Petites lectures d’été pour l’Europe

BERKELEY – En août, les Européens filent à la plage. Le continent tire le rideau, partant du principe que rien de conséquent ne peut arriver jusqu’à ce que chacun soit de retour à la maison, bien bronzé, en septembre. Oubliée la crise des surprimes d’août 2007, ou même la crise monétaire européenne d’août 1992 : les vacances en août sont une vénérable institution. Alors, que devraient lire les Européens sous leurs parasols cette année ?

Le livre de Milton Friedman et Anna Schwartz, A Monetary History of the United States (Une Histoire monétaire des Etats-Unis, ndt) est incontournable. Au cœur de leur récit captivant, un chapitre sur la Grande Dépression dans lequel ils accusent la Réserve Fédérale américaine de n’avoir pas su trouver une réponse adaptée à l’aggravation de la crise.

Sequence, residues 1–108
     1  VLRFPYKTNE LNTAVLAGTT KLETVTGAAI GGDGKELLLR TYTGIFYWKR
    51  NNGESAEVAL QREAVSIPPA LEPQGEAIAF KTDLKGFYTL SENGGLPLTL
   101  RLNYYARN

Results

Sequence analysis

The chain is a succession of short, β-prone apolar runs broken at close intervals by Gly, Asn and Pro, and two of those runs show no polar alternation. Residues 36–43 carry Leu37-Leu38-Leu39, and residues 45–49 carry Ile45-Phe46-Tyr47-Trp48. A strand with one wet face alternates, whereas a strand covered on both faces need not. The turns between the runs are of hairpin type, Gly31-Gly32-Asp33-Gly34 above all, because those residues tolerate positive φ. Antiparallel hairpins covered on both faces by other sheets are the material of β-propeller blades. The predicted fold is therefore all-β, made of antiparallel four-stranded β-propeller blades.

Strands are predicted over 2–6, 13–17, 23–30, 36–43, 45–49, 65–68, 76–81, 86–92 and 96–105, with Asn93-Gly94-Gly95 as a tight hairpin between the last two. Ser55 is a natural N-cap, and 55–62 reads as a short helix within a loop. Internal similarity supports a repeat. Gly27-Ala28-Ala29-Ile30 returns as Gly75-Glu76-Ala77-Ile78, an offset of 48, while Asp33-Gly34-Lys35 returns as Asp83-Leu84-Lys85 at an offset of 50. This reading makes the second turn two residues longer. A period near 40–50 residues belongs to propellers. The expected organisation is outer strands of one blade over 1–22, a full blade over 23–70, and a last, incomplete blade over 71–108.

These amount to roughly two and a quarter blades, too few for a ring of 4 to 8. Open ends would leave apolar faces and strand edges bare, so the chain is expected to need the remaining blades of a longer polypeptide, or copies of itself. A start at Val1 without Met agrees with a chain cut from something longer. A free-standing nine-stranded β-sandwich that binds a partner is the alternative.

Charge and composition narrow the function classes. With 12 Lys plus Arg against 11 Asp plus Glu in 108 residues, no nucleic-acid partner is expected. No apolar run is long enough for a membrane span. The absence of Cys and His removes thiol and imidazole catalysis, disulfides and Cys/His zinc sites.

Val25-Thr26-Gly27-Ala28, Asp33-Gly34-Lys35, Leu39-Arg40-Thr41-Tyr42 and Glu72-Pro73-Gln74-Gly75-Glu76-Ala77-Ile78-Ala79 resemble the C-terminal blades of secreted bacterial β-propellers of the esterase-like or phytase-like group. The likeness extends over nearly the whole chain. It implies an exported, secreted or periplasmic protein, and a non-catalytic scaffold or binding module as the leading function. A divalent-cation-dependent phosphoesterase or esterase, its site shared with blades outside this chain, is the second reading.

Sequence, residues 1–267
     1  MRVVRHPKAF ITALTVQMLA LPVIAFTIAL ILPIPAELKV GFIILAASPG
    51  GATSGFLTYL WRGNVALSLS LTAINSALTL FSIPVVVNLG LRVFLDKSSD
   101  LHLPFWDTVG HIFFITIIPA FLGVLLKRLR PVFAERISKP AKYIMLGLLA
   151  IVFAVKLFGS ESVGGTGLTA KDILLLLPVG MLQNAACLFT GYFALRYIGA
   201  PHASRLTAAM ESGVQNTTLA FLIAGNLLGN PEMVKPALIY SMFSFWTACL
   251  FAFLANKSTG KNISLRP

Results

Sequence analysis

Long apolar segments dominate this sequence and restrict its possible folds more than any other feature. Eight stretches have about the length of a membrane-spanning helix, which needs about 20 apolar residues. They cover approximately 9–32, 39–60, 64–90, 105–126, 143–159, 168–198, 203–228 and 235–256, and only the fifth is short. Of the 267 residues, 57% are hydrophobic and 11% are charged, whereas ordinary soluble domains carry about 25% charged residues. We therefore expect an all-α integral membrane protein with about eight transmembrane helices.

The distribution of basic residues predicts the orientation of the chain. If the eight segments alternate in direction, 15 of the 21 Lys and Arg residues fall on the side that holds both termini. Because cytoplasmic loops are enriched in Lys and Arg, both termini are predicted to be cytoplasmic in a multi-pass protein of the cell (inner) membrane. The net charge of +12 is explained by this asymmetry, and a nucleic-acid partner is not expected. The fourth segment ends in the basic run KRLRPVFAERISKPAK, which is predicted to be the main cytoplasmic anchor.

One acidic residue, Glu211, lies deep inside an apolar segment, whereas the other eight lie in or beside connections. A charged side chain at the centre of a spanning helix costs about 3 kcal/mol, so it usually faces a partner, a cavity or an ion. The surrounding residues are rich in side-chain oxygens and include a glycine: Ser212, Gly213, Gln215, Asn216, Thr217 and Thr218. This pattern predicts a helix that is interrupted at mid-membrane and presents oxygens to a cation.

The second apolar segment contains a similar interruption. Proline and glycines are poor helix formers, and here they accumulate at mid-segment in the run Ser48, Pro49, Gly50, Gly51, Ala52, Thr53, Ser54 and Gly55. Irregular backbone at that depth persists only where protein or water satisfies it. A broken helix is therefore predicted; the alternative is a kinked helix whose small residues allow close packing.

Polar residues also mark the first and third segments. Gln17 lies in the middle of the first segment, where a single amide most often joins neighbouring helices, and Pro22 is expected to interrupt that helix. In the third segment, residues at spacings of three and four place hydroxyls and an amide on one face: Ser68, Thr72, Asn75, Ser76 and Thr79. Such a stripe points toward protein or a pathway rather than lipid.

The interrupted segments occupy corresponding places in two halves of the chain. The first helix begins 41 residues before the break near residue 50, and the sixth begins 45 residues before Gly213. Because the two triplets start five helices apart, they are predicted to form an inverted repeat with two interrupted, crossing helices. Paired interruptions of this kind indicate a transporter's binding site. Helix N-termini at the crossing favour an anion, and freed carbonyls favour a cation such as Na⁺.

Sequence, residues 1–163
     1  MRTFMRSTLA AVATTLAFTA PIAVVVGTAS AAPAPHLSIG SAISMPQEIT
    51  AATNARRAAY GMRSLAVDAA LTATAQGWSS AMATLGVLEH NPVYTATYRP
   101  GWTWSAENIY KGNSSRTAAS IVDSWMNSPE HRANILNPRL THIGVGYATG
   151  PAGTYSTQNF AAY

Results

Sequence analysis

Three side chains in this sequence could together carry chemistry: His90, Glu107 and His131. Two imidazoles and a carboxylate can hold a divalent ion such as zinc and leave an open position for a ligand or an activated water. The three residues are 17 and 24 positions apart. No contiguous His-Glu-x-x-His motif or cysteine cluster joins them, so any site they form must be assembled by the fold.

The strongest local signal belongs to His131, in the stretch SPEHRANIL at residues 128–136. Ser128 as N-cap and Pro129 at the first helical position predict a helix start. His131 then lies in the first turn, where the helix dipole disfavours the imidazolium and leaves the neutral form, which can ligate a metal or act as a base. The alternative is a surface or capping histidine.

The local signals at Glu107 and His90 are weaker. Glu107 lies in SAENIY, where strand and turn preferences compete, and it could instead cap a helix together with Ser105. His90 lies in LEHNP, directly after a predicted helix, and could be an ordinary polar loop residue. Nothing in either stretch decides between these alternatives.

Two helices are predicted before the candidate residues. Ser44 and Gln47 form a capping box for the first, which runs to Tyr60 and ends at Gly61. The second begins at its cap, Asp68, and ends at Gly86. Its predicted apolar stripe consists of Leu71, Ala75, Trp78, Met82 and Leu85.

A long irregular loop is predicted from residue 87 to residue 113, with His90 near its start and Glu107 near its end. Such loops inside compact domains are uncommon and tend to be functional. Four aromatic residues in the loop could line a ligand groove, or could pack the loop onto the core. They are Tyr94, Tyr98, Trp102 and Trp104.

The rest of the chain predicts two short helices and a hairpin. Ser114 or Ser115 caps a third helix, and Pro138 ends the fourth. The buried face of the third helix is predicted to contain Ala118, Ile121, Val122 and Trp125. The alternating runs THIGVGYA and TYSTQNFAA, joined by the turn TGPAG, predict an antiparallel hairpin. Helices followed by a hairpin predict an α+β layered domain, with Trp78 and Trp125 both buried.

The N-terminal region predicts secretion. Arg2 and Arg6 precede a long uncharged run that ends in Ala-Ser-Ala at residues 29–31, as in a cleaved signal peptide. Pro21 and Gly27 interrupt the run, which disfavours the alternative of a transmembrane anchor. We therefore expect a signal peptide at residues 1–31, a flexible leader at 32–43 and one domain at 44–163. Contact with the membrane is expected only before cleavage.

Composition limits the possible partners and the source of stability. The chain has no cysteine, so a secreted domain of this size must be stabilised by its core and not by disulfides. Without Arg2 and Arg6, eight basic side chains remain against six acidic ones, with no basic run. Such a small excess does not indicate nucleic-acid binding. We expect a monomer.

On pense généralement que Friedman et Schwartz réprouvent la Fed pour ne pas avoir réagi suffisamment rapidement aux vagues successives de faillites bancaires, d’abord fin 1930, puis à nouveau en 1931 et en 1933. Mais une lecture plus attentive révèle que les auteurs réservent leurs critiques les plus virulentes envers la Fed pour n’avoir pas su mettre en place un programme concerté d’achats de titres dès le premier semestre 1930 afin d’éviter ces faillites bancaires.

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